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Gender, race, Black Lives Matter, Caitlin Jenner. How and why 2015 became the year we obsessed over identity.
What’s your identity? In 2015, there’s a decent chance it was up for grabs. Suddenly, the big public conversation was all about letting go, changing, or grabbing on tight. Caitlin Jenner stopped being Bruce and said the choice was hers, at last. Black Lives Matter said see me, don’t kill me. Donald Trump rallies could look like backlash rallies, as public conversation turned to white privilege and the default white male point of view. It was a year of fluid race and gender lines and roles. A freedom that could thrill or scare. This hour On Point, our year of cutting loose the reins of identity.
-- Tom Ashbrook
From Tom’s Reading List
New York Times Magazine: The Year We Obsessed Over Identity — "For more than a decade, we’ve lived with personal technologies — video games and social-media platforms — that have helped us create alternate or auxiliary personae. We’ve also spent a dozen years in the daily grip of makeover shows, in which a team of experts transforms your personal style, your home, your body, your spouse. There are TV competitions for the best fashion design, body painting, drag queen. Some forms of cosmetic alteration have become perfectly normal, and there are shows for that, too. Our reinventions feel gleeful and liberating — and tied to an essentially American optimism."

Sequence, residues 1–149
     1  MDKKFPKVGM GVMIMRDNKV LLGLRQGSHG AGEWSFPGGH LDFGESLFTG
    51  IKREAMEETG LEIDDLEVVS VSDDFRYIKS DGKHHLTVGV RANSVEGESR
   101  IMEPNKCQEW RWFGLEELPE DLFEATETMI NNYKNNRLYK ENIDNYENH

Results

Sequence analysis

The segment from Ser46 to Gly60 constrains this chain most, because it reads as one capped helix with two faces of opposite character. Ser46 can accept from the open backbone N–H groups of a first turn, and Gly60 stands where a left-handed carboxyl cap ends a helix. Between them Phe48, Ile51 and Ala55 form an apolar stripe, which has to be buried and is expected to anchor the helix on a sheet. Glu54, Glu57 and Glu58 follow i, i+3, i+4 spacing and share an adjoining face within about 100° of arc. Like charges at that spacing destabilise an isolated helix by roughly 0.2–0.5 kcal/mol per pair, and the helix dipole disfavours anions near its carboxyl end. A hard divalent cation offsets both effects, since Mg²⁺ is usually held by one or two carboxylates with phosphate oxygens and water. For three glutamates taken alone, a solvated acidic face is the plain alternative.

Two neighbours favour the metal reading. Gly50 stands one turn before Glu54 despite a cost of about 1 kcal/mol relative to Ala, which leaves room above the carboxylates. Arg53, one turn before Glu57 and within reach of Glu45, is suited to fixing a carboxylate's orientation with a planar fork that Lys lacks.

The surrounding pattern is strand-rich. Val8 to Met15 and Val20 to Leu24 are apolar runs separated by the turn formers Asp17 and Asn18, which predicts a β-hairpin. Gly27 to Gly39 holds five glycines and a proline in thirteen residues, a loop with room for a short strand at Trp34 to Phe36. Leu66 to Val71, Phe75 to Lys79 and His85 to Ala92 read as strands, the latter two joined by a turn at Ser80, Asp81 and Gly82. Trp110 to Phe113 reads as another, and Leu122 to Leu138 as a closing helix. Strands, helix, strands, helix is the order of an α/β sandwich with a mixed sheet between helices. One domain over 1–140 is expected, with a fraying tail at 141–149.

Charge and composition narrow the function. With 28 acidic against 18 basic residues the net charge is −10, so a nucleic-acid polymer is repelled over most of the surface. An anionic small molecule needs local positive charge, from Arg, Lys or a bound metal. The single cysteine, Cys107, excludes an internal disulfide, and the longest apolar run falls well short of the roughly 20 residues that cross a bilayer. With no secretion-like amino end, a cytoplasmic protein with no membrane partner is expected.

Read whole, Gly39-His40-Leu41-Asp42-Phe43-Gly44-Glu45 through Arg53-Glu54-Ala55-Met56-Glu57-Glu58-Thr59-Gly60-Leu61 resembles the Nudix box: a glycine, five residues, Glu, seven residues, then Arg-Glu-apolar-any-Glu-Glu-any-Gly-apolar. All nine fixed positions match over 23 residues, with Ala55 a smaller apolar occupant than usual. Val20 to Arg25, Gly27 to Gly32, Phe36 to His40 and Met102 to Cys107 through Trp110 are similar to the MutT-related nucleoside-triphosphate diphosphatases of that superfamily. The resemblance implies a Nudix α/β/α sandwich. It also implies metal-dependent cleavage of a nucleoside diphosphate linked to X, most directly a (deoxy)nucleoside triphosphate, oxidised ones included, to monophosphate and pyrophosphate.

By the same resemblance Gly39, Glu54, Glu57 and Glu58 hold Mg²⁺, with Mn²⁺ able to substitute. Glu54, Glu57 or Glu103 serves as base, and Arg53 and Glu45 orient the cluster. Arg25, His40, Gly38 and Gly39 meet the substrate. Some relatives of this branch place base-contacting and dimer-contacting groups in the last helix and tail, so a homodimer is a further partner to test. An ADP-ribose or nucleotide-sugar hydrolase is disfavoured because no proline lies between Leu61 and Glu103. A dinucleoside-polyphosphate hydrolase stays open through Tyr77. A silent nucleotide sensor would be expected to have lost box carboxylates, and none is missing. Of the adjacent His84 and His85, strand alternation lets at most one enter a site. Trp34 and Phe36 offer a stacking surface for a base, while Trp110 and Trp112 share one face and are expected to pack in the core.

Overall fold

Washington Post: In 2015, pop culture continued to shed its sexual inhibitions — "Covering pop culture isn’t anything like being posted to a war zone. But from zombie apocalypses to middle-age white criminals, mass culture’s current obsessions can sometimes make me feel as though I’m working one of The Washington Post’s grimmer beats. So in 2015, I found myself particularly grateful for movies and television that chucked out the end of the world as subject material and focused instead on pleasure, particularly on what all sorts of women really want."
New York Times Magazine: Has ‘Diversity’ Lost Its Meaning? — "How does a word become so muddled that it loses much of its meaning? How does it go from communicating something idealistic to something cynical and suspect? If that word is 'diversity,' the answer is: through a combination of overuse, imprecision, inertia and self-serving intentions."
This program aired on December 23, 2015.
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